An operator drives a rice harvester in Huichang, Jiangxi province, on Friday. [Photo/China Daily]
>China reaps bumper harvest
China will see a bumper harvest this year with stable cereal grains output, and large-scale cereal purchases have kicked off recently, the National Food and Strategic Reserves Administration revealed on Tuesday.
"With the autumn harvest ending soon, we've already seen an abundant cereal supply that can ensure a bumper harvest for the whole year," said Qin Yuyun, head of the administration's food reserves department.
China's total cereal output consists of three parts - early rice, summer grain and autumn production.
Autumn grain crops, which include corn, middle-and late-season rice, account for three quarters of a whole year's grain production.
According to the administration, China's current cereal storage can meet the country's total consumption for a whole year.
As of last week, a total of 90 million tons of grain crops have been traded on the State-owned platform.
A woman looks at frozen food products in a supermarket following an outbreak of the coronavirus disease (COVID-19) in Beijing, Aug 13, 2020. [Photo/Agencies]
>Virus may spread by cold food
Chinese scientists have discovered that the COVID-19 outbreak in Beijing in June was likely to have been triggered by cold-chain imports from overseas.
The study was published online on Friday in China's peer-reviewed journal, the National Science Review.
A new cluster of local infections linked to the massive Xinfadi wholesale market in Beijing's Fengtai district emerged on June 11 after the capital reported no new local cases for 56 consecutive days.
The outbreak, which prompted a mass testing campaign covering about half of the over 20 million residents of the capital, saw 335 confirmed cases.
Square dancing is one of the most popular activities among China's elderly population, and it has often caused controversy because of its loud music and use of public spaces. [Photo/China Daily]
>Square dancing law unveiled
Shanghai recently became the latest city in the country to unveil local regulations on square dancing, a popular form of mass fitness among the middle-aged and the elderly that has sparked controversy because of complaints from nonparticipants about disturbances.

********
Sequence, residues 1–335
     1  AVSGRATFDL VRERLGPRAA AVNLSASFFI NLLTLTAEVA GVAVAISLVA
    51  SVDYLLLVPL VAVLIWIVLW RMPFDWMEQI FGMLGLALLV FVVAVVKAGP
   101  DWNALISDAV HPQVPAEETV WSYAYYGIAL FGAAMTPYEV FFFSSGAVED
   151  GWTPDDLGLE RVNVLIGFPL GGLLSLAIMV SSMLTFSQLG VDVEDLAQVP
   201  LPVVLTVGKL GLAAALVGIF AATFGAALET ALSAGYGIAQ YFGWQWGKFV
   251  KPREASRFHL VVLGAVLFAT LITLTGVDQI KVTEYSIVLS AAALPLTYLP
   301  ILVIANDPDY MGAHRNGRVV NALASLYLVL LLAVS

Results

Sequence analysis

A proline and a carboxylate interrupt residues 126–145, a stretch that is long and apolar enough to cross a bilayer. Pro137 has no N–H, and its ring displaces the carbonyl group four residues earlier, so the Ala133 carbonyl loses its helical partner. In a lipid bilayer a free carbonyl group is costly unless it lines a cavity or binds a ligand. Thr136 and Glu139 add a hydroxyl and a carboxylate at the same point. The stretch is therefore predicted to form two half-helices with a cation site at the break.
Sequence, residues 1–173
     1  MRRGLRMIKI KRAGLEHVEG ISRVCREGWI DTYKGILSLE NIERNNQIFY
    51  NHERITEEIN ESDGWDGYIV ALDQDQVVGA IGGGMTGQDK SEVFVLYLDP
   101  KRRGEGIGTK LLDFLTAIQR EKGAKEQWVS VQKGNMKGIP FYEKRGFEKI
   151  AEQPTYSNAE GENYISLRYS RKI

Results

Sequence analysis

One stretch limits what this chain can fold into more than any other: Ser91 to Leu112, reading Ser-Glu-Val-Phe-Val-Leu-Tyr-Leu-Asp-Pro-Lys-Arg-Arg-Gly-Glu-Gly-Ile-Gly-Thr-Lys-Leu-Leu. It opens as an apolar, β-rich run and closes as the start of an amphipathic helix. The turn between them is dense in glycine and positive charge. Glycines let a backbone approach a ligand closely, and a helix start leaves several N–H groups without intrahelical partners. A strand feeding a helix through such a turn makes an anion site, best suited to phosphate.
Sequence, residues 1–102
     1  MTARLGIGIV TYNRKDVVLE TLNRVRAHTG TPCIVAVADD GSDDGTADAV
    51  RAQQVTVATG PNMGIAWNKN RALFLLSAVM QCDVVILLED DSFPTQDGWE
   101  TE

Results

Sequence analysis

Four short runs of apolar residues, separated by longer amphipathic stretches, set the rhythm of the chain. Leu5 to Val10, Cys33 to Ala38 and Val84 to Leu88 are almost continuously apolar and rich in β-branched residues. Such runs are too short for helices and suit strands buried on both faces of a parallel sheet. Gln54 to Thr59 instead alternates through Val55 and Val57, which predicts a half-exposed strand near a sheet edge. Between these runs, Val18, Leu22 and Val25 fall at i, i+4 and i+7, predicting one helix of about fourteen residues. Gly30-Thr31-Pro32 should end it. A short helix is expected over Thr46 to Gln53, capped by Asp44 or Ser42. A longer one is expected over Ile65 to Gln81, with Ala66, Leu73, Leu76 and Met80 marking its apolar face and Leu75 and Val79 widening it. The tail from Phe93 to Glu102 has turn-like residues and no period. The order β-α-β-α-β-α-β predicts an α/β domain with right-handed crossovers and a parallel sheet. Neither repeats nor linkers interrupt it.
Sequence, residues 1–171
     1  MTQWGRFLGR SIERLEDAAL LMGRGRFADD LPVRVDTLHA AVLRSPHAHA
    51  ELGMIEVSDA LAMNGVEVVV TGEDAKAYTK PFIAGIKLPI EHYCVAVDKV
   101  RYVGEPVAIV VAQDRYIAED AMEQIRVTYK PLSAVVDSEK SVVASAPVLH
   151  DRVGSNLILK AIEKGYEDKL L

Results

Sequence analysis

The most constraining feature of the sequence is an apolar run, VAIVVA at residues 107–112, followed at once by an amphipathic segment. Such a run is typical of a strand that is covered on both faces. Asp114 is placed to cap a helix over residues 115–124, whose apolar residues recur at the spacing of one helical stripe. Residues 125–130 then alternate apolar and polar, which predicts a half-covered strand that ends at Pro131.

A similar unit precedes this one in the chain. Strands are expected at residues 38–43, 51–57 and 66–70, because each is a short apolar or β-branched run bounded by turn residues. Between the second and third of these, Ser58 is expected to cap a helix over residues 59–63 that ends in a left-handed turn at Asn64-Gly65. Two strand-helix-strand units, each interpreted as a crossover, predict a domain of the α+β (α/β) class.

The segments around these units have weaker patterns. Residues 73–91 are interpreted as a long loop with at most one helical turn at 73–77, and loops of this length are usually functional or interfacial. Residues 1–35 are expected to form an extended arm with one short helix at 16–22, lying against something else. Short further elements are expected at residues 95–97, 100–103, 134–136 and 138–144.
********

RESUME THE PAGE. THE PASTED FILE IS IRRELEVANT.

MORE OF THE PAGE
The group of individuals participating in square dancing should adhere to public rules and social customs and never disturb others around them, according to the Shanghai Municipal Regulation on the Protection and Promotion of Public Cultural Services, which was approved by the city's legislature on Tuesday.
The local subdistrict authority and managers of public venues will assume a larger role in the organization and coordination of such public dances to ensure they are carried out smoothly, according to the regulation that will take effect at the beginning of next year.
Some other cities and provincial-level regions have published similar regulations aimed at the problem.
In Beijing, a regulation targeting public sports activities that took effect in 2017 stipulated that all participants in such activities at public venues should not disturb others.
French President Emmanuel Macron is seen on a screen as he addresses the nation about the state of the coronavirus disease (COVID-19) outbreak, in Blecourt, France, October 28, 2020. [Photo/Agencies]
>Lockdown in France & Germany
France will enter a new nationwide lockdown starting Friday and lasting at least the whole of November in order to control the spread of the novel coronavirus, French President Emmanuel Macron announced on Wednesday evening.
Macron said tighter restrictions on socializing, mobility and hospitality were necessary in order to prevent the nation becoming "overwhelmed by a second wave that no doubt will be harder than the first".
Macron said that all bars and restaurants must close under the new measures, and people will only be allowed to leave their homes in order to go to work, shop for food, and exercise for an hour each day.
The French leader added that schools will remain open, and elderly nursing homes can be visited.
The announcement came hours after German Chancellor Angela Merkel laid out similar measures in Germany, which will enter a four-week lockdown from Monday.
Bars, pubs, gyms, cinemas and theatres will shut under the new regulations.
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